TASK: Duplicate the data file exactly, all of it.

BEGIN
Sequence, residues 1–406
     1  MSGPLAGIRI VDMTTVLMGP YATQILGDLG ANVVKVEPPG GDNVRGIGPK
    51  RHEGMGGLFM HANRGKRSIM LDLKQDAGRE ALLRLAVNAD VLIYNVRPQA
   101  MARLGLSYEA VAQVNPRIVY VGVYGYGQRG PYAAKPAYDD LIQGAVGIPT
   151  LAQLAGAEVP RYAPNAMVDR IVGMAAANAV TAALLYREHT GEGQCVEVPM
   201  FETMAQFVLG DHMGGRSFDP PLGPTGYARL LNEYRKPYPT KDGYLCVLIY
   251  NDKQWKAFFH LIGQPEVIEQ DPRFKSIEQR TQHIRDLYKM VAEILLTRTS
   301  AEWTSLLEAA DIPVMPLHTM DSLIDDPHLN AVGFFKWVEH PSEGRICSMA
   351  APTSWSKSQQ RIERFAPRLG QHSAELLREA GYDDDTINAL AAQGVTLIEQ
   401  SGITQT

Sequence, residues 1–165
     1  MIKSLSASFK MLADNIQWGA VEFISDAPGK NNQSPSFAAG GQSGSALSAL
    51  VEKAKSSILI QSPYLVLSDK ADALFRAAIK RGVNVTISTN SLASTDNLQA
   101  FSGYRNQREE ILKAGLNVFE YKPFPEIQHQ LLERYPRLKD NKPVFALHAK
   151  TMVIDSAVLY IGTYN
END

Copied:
Sequence, residues 1–406
     1  MSGPLAGIRI VDMTTVLMGP YATQILGDLG ANVVKVEPPG GDNVRGIGPK
    51  RHEGMGGLFM HANRGKRSIM LDLKQDAGRE ALLRLAVNAD VLIYNVRPQA
   101  MARLGLSYEA VAQVNPRIVY VGVYGYGQRG PYAAKPAYDD LIQGAVGIPT
   151  LAQLAGAEVP RYAPNAMVDR IVGMAAANAV TAALLYREHT GEGQCVEVPM
   201  FETMAQFVLG DHMGGRSFDP PLGPTGYARL LNEYRKPYPT KDGYLCVLIY
   251  NDKQWKAFFH LIGQPEVIEQ DPRFKSIEQR TQHIRDLYKM VAEILLTRTS
   301  AEWTSLLEAA DIPVMPLHTM DSLIDDPHLN AVGFFKWVEH PSEGRICSMA
   351  APTSWSKSQQ RIERFAPRLG QHSAELLREA GYDDDTINAL AAQGVTLIEQ
   401  SGITQT

Sequence, residues 1–165
     1  MIKSLSASFK MLADNIQWGA VEFISDAPGK NNQSPSFAAG GQSGSALSAL
    51  VEKAKSSILI QSPYLVLSDK ADALFRAAIK RGVNVTISTN SLASTDNLQA
   101  FSGYRNQREE ILKAGLNVFE YKPFPEIQHQ LLERYPRLKD NKPVFALHAK
   151  TMVIDSAVLY IGTYN